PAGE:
Saturday 10 September 2022

Evidence for a pre-Nennian Arthur

 The Historicity of the Arthurian Battle List - Part II

"[The use of the name Arthur] …… reflects a desire to capture whatever mythological kudos and religious potency already surrounded the name with British/Welsh families avoiding its use primarily because of its newly-acquired mythological connections which might have been considered un-Christian"11

Whence the name Arthur?
In Part I of the Historicity of the Arthurian Battle List we explored the possible origins of the Arthurian battle list as contained within the 9th century History of the Britons (Historia Brittonum – aka 'Nennius') raising more questions than answers. However, although the History of the Britons is our first securely dated documentary evidence for Arthur, it is clear that the figure of Arthur was known well before the 9th century and was not invented by its author. So who was this Arthur who inspired the record of twelve successful battles against the Saxons, culminating in the Battle of Badon? In hope of finding any answer to this we need to examine evidence for Arthur prior to the 9th century.

Our first call is four figures who appear in the mid-6th and the early 7th centuries all named Arthur who are often cited as evidence for the existence of a historical Arthur, named in the memory of a great military leader.

All these occurrences of the name as recorded in Gaelic sources are connected to Irish settlers belonging to high-status Irish royal families who founded the kingdoms of Dyfed (Demetae) in south-west Wales, and Dalriada in southern Scotland: 

    • The first historically attested Irish Arthur is found in the family of Áedán mac Gabráin, king of the Scottish Dál Riata from 573-608 AD. Adomnán's Vita Columbae (The Life of Columba) records how Áedán's sons Arthur and Eochaid Finn died in battle against the Miati some time before 597. This is confirmed by the Annals of Tigernach.;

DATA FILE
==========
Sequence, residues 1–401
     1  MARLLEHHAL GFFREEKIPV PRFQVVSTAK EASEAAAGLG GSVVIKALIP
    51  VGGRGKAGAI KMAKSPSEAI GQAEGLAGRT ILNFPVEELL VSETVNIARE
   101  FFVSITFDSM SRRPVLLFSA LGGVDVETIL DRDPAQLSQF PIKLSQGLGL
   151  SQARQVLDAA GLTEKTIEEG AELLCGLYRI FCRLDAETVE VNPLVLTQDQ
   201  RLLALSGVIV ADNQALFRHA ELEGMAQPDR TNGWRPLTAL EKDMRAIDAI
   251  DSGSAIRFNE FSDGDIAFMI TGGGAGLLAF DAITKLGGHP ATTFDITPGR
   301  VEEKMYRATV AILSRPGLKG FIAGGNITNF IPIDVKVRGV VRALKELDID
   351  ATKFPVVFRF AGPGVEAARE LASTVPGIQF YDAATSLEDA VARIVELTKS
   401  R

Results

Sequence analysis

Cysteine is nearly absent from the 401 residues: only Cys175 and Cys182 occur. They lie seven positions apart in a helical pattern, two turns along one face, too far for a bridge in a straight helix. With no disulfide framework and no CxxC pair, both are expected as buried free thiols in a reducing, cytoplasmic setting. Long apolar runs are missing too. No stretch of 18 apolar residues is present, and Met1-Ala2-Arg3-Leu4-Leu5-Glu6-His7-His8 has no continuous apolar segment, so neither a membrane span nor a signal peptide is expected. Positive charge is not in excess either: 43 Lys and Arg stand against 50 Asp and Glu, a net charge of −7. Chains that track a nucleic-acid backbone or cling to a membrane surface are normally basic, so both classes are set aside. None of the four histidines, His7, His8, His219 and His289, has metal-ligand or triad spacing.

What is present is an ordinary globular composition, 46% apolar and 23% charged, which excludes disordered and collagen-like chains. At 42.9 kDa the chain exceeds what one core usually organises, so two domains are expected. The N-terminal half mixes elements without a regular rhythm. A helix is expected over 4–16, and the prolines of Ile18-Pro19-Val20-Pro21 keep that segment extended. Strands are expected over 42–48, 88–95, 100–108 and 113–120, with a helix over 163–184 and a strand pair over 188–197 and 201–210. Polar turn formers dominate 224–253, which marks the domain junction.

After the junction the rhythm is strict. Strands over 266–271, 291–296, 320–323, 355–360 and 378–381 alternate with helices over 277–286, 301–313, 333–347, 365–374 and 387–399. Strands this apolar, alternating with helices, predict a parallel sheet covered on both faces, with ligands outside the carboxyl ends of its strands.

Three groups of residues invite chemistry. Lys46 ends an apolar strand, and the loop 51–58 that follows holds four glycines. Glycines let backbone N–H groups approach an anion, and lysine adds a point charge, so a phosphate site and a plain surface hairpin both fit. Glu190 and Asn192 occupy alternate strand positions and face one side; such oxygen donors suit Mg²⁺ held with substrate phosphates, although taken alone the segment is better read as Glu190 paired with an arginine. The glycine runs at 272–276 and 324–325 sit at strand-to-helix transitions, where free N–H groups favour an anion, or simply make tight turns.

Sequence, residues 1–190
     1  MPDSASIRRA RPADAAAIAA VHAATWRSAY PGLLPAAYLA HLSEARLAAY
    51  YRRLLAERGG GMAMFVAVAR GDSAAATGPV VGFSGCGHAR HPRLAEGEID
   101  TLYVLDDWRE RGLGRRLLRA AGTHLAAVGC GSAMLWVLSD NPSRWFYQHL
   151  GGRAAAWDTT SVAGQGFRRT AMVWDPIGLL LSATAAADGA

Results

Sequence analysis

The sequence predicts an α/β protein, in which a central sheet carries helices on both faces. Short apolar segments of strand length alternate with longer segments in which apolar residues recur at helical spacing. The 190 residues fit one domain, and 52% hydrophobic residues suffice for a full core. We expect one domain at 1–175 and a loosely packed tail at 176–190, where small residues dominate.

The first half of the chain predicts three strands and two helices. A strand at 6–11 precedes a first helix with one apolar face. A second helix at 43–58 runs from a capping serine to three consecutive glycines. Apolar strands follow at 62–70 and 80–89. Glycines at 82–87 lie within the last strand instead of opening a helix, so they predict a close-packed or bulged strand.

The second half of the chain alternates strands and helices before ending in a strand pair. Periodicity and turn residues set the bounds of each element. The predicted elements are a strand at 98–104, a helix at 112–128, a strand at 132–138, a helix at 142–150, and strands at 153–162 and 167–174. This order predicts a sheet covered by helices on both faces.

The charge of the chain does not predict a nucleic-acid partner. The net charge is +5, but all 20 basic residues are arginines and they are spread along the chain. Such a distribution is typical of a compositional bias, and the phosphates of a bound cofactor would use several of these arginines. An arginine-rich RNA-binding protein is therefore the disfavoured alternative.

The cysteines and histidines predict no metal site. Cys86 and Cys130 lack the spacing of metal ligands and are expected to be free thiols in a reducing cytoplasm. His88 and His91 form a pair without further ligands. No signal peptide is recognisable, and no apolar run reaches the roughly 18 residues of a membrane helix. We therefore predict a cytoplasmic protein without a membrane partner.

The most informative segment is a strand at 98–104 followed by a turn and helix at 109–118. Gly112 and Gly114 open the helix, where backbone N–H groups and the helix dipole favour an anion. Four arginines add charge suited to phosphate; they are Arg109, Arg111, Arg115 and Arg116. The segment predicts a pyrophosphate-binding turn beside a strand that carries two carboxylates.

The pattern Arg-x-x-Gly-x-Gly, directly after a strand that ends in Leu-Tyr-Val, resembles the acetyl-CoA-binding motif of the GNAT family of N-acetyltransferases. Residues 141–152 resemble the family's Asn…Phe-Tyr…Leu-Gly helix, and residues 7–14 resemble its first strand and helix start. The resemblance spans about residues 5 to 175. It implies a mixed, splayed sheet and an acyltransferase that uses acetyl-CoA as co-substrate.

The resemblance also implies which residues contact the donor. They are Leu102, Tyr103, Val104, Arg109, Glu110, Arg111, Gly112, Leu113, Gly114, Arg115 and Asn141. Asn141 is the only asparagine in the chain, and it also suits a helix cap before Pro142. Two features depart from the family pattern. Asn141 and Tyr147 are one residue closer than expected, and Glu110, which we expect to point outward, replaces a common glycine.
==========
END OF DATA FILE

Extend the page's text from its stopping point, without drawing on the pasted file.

• Artuir ap Bicuir 'the Briton' of Strathclyde(?) who killed an Ulster chieftain. The Irish Annals record the death of Mongán mac Fíachnai of Dal Fiatach in Strathclyde in 625. This is the Mongán of legend of legend whose real father was said to be Mananna mac Lir, the Irish Sea god; it is claimed that Mongán was conceived while his father Fíachnae mac Báetáin, king of Dal Fiatach, was away helping Áedán mac Gabráin on his British campaigns when his wife Caíntigern slept with Manannán mac Lir to produce Mongán. Mongán often bears the patronymic mac Fiachna, despite his true paternity. The record of Mongán’s death in the Annals of Tigernach has him killed by a stone thrown by one Artuir ap Bicuir, described as a Briton.

    • an Irish Artur, grandfather of Feradach, documented in 697; 

    • Arthur ap Pedr of Dyfed, grandson of Vortipor (“tyrant of the Demetae” as mentioned by Gildas). This Arthur is mentioned in the Harleian Genealogies and the Irish text The Expulsion of the Deisi.

Arthur’ was a very rare name both before and after this time and to have four appear in the genealogical record all within a generation or so of each other is a very unusual occurrence; notably, the name does not appear again in Welsh genealogies for several hundred years. All appear to have belonged to high-status Irish royal families with British connections. As the Arthur of the 9th century History of the Britons is clearly a British text with a British hero, not Irish, we require an explanation to how the fame of Arthur spread among the Irish as well as the Britons?11

These 6th-7th century Arthur’s are often presented in the argument for a historical Arthur that claims they must have all been named after a renowned British warrior probably from the generation previous.12 However, Ken Dark concludes: